No more sad, gray steak
Cooking steak outside? That’s easy. Get the grill as hot as possible, toss the meat on and cook until done. But attempt that same stunt indoors, and you’ll smoke out your family and any immediate neighbors. Sure, you could turn the heat down, though then you risk either ending up with a sad, gray piece of meat devoid of an evenly browned crust or a steak that is horribly overdone.
As a condo dweller without easy access to an outdoor grill, I’ve tried a number of different methods, from using electric grills and grill pans to placing multiple fans around my kitchen to help direct the smoke out the window. Usually, my family just sits down to dinner in a haze of vaporized beef fat so thick we can hardly see one another.
Turns out I was thinking about it all wrong. Instead of worrying about what to do with an excess of smoke, what if I used a method that keeps the high-heat cooking to the shortest amount of time possible?
False lore: That’s the deal with the reverse sear, a method of cooking thick steaks that is contrary to two long-held, though entirely false, pieces of steak-cooking lore. No doubt, you’re heard that searing “seals in the juices,” even though that’s been disproved by just about every food authority over the past 30 years, including by renowned food scientist Harold McGee. And I’m guessing some questionable uncle instructed you to only flip a steak once.
We’re going to do the opposite. Instead, gently cook the steak until nearly done in a very low oven, and then sear it quickly at the end, flipping every 30 seconds. This method is called the reverse sear, and it’s been popularized by J. Kenji Lopez-Alt, the chief culinary consultant at Serious Eats, and Chicago’s Meathead Goldwyn, whose cookbook, “Meathead: The Science of Great Barbecue and Grilling,” I consulted for this recipe.
Here’s how it works. Heat the oven to 225 degrees. Place a large steak on a wire rack set over a rimmed baking sheet, and then set it in the oven. Cook until the steak is 115 degrees in the middle, or about 20 degrees shy of medium-rare. How long this takes depends on the size of your steak, but it usually takes me at least 50 minutes. This is a slight pain, but nothing compared with too much smoke.
Add the heat: Fresh out of the oven, the steak looks miserable and gray. But you’re not done. Heat a cast-iron skillet over high heat. Add a tablespoon of oil, and as soon as it starts to smoke, add the beef. Instead of leaving it be, flip it every 30 seconds, or until the interior registers around 130 degrees for medium rare, about two minutes total. To help improve the browning even more, toss in some butter, and baste the steak lovingly with a spoon. There will be some smoke, but it’ll all be over quickly.
The advantages of the reverse sear are easy to see. The steak will develop a stunningly browned exterior, without a spot of gray. Cut in, and instead of a thick band of gray meat around the exterior, the steak is mostly rosy pink from top to bottom.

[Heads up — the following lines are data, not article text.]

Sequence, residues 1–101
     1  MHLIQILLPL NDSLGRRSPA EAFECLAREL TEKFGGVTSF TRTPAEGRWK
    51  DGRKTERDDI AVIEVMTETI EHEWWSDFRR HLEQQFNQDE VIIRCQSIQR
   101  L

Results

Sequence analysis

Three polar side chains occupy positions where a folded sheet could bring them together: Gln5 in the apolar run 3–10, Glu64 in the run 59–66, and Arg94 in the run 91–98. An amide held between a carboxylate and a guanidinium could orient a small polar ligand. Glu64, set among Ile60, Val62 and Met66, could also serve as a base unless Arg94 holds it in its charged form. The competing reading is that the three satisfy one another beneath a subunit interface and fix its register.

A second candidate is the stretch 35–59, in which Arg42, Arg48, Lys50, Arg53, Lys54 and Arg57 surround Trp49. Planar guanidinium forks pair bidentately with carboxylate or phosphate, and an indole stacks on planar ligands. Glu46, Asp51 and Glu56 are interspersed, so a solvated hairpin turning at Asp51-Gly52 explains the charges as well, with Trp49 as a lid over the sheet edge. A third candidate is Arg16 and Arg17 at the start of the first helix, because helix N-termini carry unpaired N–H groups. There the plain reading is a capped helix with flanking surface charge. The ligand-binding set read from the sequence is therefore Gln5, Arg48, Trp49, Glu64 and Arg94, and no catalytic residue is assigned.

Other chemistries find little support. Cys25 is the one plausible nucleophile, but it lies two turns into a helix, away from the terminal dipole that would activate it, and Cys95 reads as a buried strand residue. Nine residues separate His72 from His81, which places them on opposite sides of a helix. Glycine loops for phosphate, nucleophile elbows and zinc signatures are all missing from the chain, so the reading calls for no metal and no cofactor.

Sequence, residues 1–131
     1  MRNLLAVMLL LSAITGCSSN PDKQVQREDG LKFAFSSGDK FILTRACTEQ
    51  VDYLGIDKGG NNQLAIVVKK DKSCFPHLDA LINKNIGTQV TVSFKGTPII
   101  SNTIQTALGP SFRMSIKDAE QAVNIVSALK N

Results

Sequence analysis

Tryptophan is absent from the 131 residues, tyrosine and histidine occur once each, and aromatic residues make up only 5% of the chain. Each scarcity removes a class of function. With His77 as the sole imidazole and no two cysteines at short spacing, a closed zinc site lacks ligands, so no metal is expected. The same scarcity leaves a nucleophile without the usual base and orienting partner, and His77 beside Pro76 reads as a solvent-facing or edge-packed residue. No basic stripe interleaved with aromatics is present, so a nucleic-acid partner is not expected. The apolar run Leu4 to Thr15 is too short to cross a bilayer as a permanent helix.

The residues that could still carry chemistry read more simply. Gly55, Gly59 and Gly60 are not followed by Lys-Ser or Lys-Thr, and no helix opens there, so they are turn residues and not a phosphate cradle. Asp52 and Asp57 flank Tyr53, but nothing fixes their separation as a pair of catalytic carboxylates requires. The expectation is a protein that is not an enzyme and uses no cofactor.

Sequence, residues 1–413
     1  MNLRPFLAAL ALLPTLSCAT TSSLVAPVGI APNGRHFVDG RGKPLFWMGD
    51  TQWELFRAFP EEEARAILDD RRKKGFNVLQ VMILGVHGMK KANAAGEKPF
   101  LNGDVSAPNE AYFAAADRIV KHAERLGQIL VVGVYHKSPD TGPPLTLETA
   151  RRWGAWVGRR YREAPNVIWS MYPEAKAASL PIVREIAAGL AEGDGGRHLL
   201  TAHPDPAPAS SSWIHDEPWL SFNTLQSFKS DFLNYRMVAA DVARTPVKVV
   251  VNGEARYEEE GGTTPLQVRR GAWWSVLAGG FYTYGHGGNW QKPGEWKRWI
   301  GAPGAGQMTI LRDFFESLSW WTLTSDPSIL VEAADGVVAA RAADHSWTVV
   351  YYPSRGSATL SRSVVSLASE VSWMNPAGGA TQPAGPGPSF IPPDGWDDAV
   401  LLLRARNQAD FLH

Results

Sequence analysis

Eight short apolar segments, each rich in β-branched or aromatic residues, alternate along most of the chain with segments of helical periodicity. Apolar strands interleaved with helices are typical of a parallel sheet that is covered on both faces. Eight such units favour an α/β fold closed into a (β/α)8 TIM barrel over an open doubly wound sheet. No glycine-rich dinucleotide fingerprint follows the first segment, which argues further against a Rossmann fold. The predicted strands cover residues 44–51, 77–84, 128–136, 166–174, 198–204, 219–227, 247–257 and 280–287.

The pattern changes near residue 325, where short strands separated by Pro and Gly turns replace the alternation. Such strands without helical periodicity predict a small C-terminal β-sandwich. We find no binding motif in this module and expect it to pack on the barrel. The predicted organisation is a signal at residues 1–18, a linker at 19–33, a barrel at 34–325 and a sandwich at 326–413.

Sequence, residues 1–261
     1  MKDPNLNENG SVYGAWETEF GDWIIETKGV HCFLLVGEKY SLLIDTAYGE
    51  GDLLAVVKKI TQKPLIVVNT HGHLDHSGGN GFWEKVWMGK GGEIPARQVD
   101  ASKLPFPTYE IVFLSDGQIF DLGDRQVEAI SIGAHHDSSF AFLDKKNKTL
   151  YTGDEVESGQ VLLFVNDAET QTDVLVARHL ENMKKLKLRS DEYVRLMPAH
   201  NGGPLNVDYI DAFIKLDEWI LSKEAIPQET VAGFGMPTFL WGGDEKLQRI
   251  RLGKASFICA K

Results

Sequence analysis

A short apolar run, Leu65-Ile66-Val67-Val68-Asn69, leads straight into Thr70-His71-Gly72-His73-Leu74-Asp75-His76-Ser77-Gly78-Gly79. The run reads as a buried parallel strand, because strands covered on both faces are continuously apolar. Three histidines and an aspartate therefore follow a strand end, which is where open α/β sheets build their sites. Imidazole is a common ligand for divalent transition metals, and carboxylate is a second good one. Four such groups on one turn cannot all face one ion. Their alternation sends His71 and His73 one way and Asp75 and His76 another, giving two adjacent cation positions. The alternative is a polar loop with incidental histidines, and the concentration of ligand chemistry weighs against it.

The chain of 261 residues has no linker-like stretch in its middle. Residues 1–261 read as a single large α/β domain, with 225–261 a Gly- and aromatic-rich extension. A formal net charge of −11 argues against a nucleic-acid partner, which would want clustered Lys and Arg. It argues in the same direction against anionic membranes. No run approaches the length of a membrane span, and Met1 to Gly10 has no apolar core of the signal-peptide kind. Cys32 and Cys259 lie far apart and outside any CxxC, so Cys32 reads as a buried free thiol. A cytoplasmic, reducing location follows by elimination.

Two words of warning. This recipe only works with big steaks, the kind that are at least 11/2 inches and up to 2 inches thick, and which weigh about 2 pounds. I went with a bone-in rib-eye, which was more than enough to split with my wife and have some left over for a light lunch the next day. And you won’t be able to measure the steak’s internal temperature without a good meat thermometer, preferably an instant-read digital thermometer. It’s the only way to ensure you never overcook a steak again.
Reverse Sear Rib-eye
Recipe adapted from Meathead Goldwyn’s method for the grill in his book, “Meathead: The Science of Great Barbecue and Grilling” (Rux Martin, $35).
Prep: 10 minutes
Cook: 1 hour and 10 minutes
Makes: 2 servings
1 bone-in rib-eye steak, 11/2 inch to 2 inches thick, about 2 pounds
1 tablespoon canola oil
1 tablespoon butter
Freshly ground black pepper
If you have the time, liberally sprinkle salt on both sides of the beef, transfer meat to a wire rack set on a baking sheet, and then place in the fridge. Let rest for at least an hour. If you don’t have time, just salt the meat thoroughly on both sides right before cooking, and place meat on a wire rack set over a baking sheet.
Heat oven to 225 degrees. Place the baking sheet in the oven. Cook until the middle registers 115 degrees. Using a digital meat thermometer, check the meat every 10 to 15 minutes. The total time depends on the thickness of the steak, but plan for 45 to 55 minutes. Once the temperature reaches 100 degrees, plan to check the temperature every 5 minutes, so you don’t overcook the steak. When it has reached 115 degrees, remove steak from oven.
Heat oil in a large cast-iron skillet over high heat until just starting to smoke. Add the steak and butter. Carefully spoon the melted butter over the steak. Flip the steak after 30 seconds. Continue spooning the butter and flipping the steak every 30 seconds, until the steak has been in the pan for 2 minutes. Remove the steak and check the temperature. If it’s 125 to 130 degrees, set it aside on a clean plate to rest. If not, return it to the pan for an additional minute of basting, flipping halfway through.
Let the steak rest, 10 minutes. Cut the steak into thick slices, season with black pepper and an additional pinch of salt. Divide between two plates and serve.